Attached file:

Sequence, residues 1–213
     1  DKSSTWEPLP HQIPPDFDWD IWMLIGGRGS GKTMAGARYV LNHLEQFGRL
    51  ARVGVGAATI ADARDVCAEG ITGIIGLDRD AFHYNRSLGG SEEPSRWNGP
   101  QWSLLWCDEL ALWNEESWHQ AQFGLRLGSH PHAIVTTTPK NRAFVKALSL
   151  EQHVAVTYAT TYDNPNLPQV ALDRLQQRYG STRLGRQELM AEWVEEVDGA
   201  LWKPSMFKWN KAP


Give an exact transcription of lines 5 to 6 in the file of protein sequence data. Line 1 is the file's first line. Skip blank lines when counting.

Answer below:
   151  EQHVAVTYAT TYDNPNLPQV ALDRLQQRYG STRLGRQELM AEWVEEVDGA
   201  LWKPSMFKWN KAP